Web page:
Time to get Pakistan’s cinematic revolution rolling
The Pakistani government is planning to increase the number of cinema screens from 127 to 1,000, a welcome boost in a country that has just 0.62 screens per million citizens.
According to Federal Minister of Information and Broadcasting Fawad Chaudhry, more cinemas will create 20,000 jobs and boost Pakistan’s film industry. In addition to that and with reference to increasing the number of cinemas, Chaudhry also wants to improve cultural cooperation between Pakistan and the United States. This was discussed in a meeting in Islamabad with US Charge d’Affaires to Pakistan Paul Jones.
While this move by the Pakistan Tehreek-E-Insaf (PTI) government looks like a step in the right direction and it is true too that it will prove vital to Islamabad’s crumbling economy and create more jobs, it seems like a case of choosing quantity over quality.
In order to revolutionize Pakistan’s film industry, there are certain factors that should be considered first. Otherwise, the new cinemas might end up being shut down due to lack of use.
Improving the content
While it is true that the Pakistani film sector has been revived to some extent since 2013 and better movies are being made than in previous decades, the industry still has a long way to go. Different narratives which may not cater to mainstream audiences should be promoted in Pakistani films in order to educate filmgoers, and humor disparaging marginalized groups should be discouraged.
The government and big private companies should fund filmmakers and small production houses, enabling them to make better and more original products, and more effort should be made to accommodate independent filmmakers.
If the Pakistani government and veteran production companies are able to provide a more accommodating environment for Pakistani filmmakers, they might be able to produce content that rivals Bollywood and Hollywood productions.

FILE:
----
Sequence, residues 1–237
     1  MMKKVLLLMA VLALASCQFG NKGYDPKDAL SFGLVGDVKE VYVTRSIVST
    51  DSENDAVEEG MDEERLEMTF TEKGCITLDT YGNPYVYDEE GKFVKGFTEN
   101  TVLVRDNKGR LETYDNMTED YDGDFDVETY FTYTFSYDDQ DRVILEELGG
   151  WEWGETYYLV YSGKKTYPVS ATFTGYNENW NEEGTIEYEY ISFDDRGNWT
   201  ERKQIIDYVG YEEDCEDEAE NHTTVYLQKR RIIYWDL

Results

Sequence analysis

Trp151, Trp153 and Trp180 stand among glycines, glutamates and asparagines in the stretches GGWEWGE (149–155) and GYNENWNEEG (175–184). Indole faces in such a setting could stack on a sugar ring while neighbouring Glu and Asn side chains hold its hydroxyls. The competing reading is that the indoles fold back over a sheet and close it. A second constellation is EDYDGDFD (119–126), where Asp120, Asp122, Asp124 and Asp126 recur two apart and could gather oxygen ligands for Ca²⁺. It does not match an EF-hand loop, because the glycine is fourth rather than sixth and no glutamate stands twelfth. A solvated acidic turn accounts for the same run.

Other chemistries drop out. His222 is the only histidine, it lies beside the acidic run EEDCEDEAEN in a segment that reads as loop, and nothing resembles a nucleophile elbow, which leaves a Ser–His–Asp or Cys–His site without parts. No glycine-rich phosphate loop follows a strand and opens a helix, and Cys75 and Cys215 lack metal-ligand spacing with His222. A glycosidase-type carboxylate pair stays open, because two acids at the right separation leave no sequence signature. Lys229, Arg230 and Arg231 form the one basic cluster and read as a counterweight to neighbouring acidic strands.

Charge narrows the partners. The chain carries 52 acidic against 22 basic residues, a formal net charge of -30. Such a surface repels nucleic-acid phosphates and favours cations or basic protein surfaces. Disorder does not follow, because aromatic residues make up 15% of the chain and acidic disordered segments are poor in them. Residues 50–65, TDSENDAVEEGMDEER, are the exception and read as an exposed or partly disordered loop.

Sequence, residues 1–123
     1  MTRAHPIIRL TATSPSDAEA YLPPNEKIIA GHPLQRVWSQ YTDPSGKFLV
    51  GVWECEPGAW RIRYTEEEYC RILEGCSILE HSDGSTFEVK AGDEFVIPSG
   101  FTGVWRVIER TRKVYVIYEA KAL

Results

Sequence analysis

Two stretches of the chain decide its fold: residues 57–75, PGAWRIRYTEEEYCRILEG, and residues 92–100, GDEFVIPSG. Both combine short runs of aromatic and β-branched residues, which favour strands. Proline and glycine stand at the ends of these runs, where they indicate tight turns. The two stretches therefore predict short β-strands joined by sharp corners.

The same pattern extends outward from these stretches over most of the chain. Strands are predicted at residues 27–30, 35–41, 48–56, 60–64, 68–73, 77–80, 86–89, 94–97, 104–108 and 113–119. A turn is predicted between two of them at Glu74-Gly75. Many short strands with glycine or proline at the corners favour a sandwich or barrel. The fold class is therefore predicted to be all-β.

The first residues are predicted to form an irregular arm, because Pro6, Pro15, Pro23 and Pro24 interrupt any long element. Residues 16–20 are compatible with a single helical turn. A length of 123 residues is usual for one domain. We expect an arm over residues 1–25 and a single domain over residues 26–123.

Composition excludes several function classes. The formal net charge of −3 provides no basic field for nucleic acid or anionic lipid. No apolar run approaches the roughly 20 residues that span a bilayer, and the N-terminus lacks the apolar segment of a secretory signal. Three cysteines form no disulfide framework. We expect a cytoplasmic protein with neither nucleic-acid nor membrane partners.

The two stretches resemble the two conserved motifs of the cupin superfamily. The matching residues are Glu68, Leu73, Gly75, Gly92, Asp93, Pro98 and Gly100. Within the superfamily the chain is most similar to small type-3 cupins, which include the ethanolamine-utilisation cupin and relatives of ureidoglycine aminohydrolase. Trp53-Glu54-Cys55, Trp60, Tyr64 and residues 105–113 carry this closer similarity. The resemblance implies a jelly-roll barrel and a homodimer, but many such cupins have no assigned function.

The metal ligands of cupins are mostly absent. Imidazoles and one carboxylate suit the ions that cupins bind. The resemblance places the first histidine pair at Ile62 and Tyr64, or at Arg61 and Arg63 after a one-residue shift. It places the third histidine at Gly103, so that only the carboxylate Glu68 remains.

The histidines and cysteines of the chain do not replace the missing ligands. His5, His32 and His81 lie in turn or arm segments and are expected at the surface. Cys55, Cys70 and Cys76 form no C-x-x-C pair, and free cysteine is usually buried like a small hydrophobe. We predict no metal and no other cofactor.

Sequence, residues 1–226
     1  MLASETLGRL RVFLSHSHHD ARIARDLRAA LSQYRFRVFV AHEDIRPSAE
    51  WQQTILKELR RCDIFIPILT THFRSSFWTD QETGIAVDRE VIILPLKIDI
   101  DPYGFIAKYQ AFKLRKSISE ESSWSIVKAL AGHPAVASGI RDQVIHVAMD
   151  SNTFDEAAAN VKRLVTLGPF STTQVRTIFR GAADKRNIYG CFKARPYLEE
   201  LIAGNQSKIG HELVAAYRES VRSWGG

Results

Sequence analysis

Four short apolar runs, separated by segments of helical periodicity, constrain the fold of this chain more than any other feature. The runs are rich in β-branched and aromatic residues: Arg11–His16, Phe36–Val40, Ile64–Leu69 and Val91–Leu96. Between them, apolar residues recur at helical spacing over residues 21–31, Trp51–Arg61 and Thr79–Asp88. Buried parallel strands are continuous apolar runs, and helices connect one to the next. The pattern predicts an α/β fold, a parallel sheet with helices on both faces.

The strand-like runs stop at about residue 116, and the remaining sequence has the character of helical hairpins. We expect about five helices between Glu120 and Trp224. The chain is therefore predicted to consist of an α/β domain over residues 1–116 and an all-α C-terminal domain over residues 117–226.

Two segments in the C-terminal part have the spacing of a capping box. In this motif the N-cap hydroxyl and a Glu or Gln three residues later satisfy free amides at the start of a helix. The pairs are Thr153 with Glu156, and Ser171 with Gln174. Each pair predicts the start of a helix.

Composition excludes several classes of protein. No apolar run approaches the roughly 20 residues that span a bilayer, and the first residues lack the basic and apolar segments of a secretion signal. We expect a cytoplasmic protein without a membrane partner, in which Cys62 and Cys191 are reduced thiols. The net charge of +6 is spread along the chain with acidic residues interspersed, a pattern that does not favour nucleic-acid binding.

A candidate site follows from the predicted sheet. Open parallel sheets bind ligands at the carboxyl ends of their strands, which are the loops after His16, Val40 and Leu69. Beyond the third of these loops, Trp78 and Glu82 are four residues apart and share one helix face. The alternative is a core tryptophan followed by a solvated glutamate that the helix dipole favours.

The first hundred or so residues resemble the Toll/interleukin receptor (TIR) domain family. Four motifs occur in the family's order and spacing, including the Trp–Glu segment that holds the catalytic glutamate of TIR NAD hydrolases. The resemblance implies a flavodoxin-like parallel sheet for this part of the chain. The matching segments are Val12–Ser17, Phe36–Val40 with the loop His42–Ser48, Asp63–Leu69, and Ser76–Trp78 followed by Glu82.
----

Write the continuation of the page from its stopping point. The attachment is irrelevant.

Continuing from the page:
Quality education at film schools
There are very few film schools in the country and the most notable among them – the National College of Arts (NCA) and the Beaconhouse National University (BNU) – are located in the city of Lahore. The quality of education provided by these institutions is somewhat encouraging but it could be better.
Educational obstacles make it quite difficult for many aspiring filmmakers to break into the industry. More film schools should be established and instructors should teach students to think outside the box and step outside their comfort zone instead of discouraging them and telling them to simply pander to the masses.
Revamping the CBFC
The Central Board for Film Censors (CBFC) is one of the biggest obstacles to progress for Pakistan’s film industry. The fact that Pakistan is a culturally and religiously sensitive country cannot be ignored but the CBFC should not take extreme measures and must consider reasonable alternatives.
Pakistan also needs a proper rating system to determine what is suitable for particular audiences and the CBFC must work toward that goal. The CBFC simply banning films that do not align with the state narrative is not the solution. Instead, we must promote all narratives and let viewers decide for themselves what kind of content they want to consume.